As you walk around Rome in December, you will see more and more lights and decorations going up outside people's apartments, storefronts, bars, restaurants, hotels and just neighborhood streets in general.
Visit my Rome at Christmas page for more details. Meanwhile, here are some specific holiday things to do in Rome in December:
Sometime during the first week of December (exact date TBD), the Rome Christmas fair and market will go up in Piazza Navona. This includes a carousel, nativity scene and...supposedly lots of fun stalls and stands selling food and gifts. In 2014 there was a scandal and diminishing of the number of stands. In 2015 and 2016, there was barely a fair in the piazza, but there was a carousel, a tree and a nativity scene. Let's see what happens in 2017.
Regardless, the Piazza becomes a center for enjoying the Christmas spirit in Rome.
Chabad Roma organizes the lighting of the menorah during Chanukah in Piazza Barberini.
You can attend the first night's lighting ceremony with Rome's rabbis at sundown on Saturday, December 24 2016, but you can also go for the following 7 nights to see each "candle" being lit.
Several Christmas trees go up around Rome in December, but it seems the one people ask me about the most is the one at the Vatican.
The Christmas tree in Vatican Square is a relatively new phenomenon (started in 1982 during the pontificate of Pope John Paul II), but it's typically been lit just before Christmas Eve.
The tree will be lit at 4:30pm on December 9, 2016, along with the Nativity scene. Both the tree and the nativity scene will stay up until January 8 2017.
December 8, the Immaculate Conception, or Immacolata, is a pretty major holiday in Italy. Shops will be closed but sites are open (except for the Vatican Museums.)
At noon, you can head to St. Peter's Square to hear Pope Francis give the Angelus (free, lasting about 15 minutes.)
You can also try to check out the Pope visiting Piazza Mignanelli (next to the Spanish Steps), at 4:30pm, for the changing of Madonna's wreath at the top of the column there.
The pope does not do it himself - the firemen do, but he is there for the event. Be prepared for large, crushing crowds.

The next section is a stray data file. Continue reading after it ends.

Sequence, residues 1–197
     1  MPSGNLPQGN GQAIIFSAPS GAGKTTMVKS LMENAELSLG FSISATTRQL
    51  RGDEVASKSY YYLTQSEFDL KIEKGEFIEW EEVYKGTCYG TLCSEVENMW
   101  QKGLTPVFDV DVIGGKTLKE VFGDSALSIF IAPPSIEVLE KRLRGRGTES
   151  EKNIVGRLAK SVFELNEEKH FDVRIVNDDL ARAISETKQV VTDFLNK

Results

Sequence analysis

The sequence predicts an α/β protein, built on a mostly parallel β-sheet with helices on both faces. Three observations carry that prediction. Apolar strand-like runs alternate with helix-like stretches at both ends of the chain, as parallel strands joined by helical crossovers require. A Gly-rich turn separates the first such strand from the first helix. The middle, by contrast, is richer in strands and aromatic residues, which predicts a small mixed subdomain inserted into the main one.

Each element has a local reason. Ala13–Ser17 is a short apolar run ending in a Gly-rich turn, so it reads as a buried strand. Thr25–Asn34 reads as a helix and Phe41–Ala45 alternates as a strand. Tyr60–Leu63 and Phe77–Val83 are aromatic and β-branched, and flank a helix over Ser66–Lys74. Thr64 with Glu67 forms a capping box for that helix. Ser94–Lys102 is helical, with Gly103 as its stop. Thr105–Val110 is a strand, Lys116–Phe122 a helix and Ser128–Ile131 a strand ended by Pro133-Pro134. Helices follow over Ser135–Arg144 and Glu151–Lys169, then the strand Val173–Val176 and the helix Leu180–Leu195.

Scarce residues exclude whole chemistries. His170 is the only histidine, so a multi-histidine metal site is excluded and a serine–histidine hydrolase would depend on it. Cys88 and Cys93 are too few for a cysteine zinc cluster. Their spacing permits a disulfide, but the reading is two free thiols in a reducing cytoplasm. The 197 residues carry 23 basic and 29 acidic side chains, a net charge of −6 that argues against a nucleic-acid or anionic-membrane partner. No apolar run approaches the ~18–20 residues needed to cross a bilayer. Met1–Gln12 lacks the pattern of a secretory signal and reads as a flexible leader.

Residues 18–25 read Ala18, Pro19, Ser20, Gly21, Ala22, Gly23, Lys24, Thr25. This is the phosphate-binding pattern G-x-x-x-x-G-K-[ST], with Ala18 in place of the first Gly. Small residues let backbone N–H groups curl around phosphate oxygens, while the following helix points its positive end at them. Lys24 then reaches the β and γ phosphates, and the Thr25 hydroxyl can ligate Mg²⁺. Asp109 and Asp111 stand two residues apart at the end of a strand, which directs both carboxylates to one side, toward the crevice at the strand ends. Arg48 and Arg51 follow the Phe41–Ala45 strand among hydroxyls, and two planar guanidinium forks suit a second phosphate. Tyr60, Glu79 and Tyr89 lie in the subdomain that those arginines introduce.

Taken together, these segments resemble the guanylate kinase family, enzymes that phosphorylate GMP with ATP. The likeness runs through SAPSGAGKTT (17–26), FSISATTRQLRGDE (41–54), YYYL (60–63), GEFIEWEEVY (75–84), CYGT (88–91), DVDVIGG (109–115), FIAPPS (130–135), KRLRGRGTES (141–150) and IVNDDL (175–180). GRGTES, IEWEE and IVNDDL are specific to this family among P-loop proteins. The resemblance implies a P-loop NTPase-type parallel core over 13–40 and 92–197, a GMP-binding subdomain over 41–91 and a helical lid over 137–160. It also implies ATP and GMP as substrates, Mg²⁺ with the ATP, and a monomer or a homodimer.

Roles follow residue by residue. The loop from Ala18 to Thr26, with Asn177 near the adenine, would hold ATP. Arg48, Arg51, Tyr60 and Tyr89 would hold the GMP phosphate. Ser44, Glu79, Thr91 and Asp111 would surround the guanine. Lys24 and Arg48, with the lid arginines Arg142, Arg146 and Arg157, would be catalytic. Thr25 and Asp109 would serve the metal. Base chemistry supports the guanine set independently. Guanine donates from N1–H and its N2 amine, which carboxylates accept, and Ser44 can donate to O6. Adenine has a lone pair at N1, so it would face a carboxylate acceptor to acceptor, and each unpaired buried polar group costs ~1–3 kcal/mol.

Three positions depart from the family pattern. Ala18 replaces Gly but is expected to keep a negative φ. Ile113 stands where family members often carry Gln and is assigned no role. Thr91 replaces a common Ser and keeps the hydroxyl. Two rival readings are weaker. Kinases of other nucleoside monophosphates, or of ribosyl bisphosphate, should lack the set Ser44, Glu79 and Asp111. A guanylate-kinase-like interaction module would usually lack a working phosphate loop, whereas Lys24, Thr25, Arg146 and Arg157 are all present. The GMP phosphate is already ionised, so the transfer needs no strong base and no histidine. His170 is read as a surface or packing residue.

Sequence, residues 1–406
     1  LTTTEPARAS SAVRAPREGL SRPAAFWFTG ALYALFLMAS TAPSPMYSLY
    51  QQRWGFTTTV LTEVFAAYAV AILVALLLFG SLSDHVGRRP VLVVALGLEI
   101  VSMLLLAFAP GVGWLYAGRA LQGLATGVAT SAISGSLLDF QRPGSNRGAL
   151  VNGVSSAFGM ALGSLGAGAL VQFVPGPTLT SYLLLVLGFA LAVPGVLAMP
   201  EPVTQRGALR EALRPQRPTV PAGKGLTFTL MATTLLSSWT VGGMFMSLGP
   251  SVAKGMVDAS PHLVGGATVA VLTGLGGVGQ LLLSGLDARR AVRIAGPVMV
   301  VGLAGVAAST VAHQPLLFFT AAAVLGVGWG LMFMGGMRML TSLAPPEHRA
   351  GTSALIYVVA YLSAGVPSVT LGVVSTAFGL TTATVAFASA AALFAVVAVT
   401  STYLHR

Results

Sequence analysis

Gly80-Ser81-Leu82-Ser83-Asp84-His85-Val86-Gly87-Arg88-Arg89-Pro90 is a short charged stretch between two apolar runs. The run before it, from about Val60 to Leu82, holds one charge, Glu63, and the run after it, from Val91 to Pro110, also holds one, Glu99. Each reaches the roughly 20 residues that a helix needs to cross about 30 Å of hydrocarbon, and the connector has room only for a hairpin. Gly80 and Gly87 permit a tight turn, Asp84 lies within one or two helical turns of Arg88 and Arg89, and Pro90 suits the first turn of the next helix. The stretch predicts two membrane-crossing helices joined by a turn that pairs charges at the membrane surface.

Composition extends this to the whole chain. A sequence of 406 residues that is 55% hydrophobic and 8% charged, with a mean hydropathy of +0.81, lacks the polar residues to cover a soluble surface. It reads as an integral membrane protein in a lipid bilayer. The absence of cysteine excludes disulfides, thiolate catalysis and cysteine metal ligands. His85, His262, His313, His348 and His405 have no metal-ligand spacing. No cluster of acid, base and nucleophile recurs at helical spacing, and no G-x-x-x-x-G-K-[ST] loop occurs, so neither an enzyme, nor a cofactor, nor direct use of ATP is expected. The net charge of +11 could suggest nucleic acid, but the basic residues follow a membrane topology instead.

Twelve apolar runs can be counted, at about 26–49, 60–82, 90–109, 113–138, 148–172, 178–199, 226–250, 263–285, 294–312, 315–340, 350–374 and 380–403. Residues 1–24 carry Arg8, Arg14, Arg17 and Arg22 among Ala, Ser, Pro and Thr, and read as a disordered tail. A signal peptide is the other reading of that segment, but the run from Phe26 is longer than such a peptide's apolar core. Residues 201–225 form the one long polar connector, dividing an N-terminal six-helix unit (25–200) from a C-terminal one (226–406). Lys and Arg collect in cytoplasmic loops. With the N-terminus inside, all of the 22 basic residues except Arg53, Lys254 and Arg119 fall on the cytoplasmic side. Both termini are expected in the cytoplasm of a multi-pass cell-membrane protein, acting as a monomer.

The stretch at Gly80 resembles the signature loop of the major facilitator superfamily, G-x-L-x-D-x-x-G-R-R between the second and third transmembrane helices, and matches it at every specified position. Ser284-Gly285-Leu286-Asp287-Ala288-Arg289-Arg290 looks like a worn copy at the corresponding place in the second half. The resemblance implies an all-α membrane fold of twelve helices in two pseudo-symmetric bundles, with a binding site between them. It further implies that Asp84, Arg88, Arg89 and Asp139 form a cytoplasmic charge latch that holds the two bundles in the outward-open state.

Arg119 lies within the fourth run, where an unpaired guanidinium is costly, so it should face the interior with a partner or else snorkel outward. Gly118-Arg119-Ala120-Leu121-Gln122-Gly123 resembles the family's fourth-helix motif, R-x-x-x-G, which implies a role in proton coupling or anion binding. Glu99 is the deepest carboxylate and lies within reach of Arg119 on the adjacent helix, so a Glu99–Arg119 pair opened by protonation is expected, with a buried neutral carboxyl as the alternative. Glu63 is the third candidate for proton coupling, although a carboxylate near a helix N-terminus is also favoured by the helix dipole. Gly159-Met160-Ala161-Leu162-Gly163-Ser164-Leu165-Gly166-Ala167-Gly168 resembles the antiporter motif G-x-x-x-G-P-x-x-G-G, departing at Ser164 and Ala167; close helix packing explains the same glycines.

The cooler fall and winter months are a great time to take in the arts and some art indoors. Some museums stay open later on the weekends.
Here are some special things you can do in Rome in December:
Take in an opera or ballet.
The Rome Opera House will show Wagner's Tristan und Isolde through December 11; Verdi's Rigoletto through December 10; and then Tchaikovsky's The Nutcracker will show from December 18 - 24, 2016. Click here for tickets.
At the Complesso del Vittoriano (accessible from the via dei Fori Imperiali), check out the Edward Hopper exhibit. Through February 2017. 15.50€ tickets.
Do you love Disney's Frozen? I know I do!
You can enjoy this movie at Rome's stunning Auditorium, accompanied by live orchestra. Only Dec 29 and 30.
Check out the new Love exhibit, "Contemporary Art meets Love", at the Chiostro del Bramante, behind Piazza Navona. Through February 2017. 13€ tickets. No need to book in advance.
The Capitoline Museums are fabulous any time.
Now through January 8, 2017, there is a fantastic Exhibit Mercy represented through works of art, from paintings to sculptures and from miniatures to engravings.15€ tickets. No need to book in advance.
Museums are open 7 days a week, 9:30am - 7:30pm. December 24 and 31: 9:30 - 2pm; Closed on Christmas Day and New Years Day.
At the Scuderie al Quirinale, from December 16, 2016 through March 2017, you can see a spectacular collection of art that was "appropriated" from Italy by Napoleon between 1796 to 1814...and later returned to Italy in 1816 when Napoleon fell. Much of the art that had been removed wound up in the Louvre, and some of it is still there.
At this amazing exhibit you can see all in one place, many of the masterpieces that were returned to their rightful places in Italy. Works by Tintoretto, Canova, Perugino, Reni, Titian and many more. A must-see!
Sun - Thu 10am – 8pm, Fri - Sat 10am – 10:30pm; last admission one hour before closing time. 12€ adults. See their website for reduced rates, and pre-booking options. This exhibit will be open on all holiday dates, including Christmas and New Years!
Van Gogh Alive - The Experience. This "multi-sensory" Van Gogh exhibit is coming to Rome. From October 25 - December 31 2016, and showing at a venue in Trastevere, Palazzo degli Esami, Via Gerolamo Induno, 4.
You may also be interested in:
For more information about events in Rome in December, visit the official website of the Rome Tourist Board.